At its core, a social movement is often coordinated in sustained opposition and conversation sequences, conceived to change existing dynamics and power structures. A social movement is undoubtedly one of the few peaceful options citizens with little or no access to government institutions employ to challenge government decisions or show dissatisfaction with a particular condition.
A social movement is not a new trend; history has shown that people have always come together to challenge the elite class’s dominance peacefully. Some of which includes the demonstration against the transatlantic slave trade in the 16th century, the LBGT rights movement in the 20th century etc.
In Nigeria, social movements are rooted in the nationalist struggle for independence during the colonial era.
These movements later transformed into the early political parties, and the movement leaders became political elites in the post-independence period.
At this point, It is significant to note that not all perceived injustice or dissatisfaction metamorphosed into social movements, and not all social movements succeed. Social movements usually have a considerable effect and trigger some forms of social, political or economic change, even when not successful.
Organised Labour in Nigeria has always been at the forefront of social movements against unfavourable government actions. However, these movements were characterised by violent repression and police brutality, especially during the military regimes. Such repression often led to the imprisonment of protesters (particularly the conveners), proscription of movement groups, and in worst cases, death.
Twitter has grown into a famous platform for information dissemination, promotion, and social movements in recent time. The microblogging site has been at the centre of major political events, humanitarian and social activities, which later metamorphosed beyond mere social media narratives into Nigeria’s physical actions.
Some of the social movements which started on Twitter include:
#OccupyNigeria: Occupy Nigeria was a socio-political movement that started in response to fuel subsidy removal, increasing fuel price by 120% during President Goodluck Jonathan administration in January 2012. The campaign, which began with mere tweets and hashtags to show grievances, transformed into a local and international movement within a short period. With the overwhelming spread of the campaign, the federal government responded with a 30% reduction in petrol pump price, bringing it to N97 from N141.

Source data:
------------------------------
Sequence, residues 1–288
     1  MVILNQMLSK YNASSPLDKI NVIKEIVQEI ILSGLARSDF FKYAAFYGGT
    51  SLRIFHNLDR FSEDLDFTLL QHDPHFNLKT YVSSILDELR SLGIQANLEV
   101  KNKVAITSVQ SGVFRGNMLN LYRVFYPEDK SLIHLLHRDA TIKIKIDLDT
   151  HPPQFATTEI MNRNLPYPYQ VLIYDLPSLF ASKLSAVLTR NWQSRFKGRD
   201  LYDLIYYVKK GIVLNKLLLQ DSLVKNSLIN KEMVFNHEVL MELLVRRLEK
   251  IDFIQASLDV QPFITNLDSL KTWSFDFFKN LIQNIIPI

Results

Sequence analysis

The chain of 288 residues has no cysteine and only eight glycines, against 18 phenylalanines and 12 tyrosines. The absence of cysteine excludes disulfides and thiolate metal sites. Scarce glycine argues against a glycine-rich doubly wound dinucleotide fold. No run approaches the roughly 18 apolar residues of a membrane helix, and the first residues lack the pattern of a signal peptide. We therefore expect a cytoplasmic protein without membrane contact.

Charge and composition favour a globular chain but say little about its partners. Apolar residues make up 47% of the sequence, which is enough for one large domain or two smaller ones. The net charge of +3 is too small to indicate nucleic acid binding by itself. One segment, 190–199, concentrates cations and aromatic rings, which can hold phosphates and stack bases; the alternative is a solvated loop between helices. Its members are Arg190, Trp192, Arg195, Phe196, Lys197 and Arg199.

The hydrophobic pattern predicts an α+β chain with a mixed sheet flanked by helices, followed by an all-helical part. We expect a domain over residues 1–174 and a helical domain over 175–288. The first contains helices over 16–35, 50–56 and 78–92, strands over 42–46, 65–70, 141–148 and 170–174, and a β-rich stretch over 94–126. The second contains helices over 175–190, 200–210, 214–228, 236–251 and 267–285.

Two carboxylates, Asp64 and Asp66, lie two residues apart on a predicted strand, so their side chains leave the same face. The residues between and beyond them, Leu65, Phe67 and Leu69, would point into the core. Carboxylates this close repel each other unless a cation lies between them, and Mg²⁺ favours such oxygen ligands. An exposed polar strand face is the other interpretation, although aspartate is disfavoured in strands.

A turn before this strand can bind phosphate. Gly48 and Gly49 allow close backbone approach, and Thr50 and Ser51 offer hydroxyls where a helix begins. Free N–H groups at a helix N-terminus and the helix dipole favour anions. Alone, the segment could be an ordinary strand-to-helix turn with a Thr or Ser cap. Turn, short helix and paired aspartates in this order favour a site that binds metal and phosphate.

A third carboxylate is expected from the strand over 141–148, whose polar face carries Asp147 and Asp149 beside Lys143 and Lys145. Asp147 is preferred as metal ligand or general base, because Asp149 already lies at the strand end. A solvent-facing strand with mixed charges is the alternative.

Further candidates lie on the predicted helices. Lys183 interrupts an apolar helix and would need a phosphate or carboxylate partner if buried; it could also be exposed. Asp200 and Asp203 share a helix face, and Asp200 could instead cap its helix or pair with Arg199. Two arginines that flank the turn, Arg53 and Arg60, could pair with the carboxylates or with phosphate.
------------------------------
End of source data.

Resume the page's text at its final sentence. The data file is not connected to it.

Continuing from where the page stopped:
#BringBackOurGirls: Bring Back Our Girls is one of the most popular movements that started on Twitter. It is an advocacy for the immediate rescue of all our abducted girls by Boko Haran and rapid containment and quelling of insurgency in Nigeria. The hashtags tweeted in about six different languages, including Spanish. The former Minister of Education, Dr. (Mrs) Obiageli Ezekwesili, launched a global movement for #BringBackOurGirls.
#SayNoToRape & #ArewaMeToo: The #ArewaMeToo hashtag was a movement aimed at breaking the culture of silence that notoriously surrounds cases of sexual and gender-based violence among females in the north. The online movement later transformed into a physical one in about five northern states and gained government attention.
#ENDSARS: In October 2020, nationwide demonstrations were staged to protest against the Special Anti Robbery Squad’s brutality – a tactical unit of the Nigerian Police Force. The protest, which became a nationwide movement and gained the attention of international and foreign nations, also started on Twitter. During the demonstration, five demands, including disbanding the SARS unit and increasing police officers’ remuneration, were made, which the federal government promised to meet.
These movements met with varying degrees of success and repression and overall project a capricious outlook for social movements in Nigeria. Given that a democratic system is supposedly tied with the freedom of expression and the right to peaceful assembly, the use of social media, in this epoch, will continue to foster citizen collaboration for social movements by netizens and as well serve as a mediated public sphere for discussion.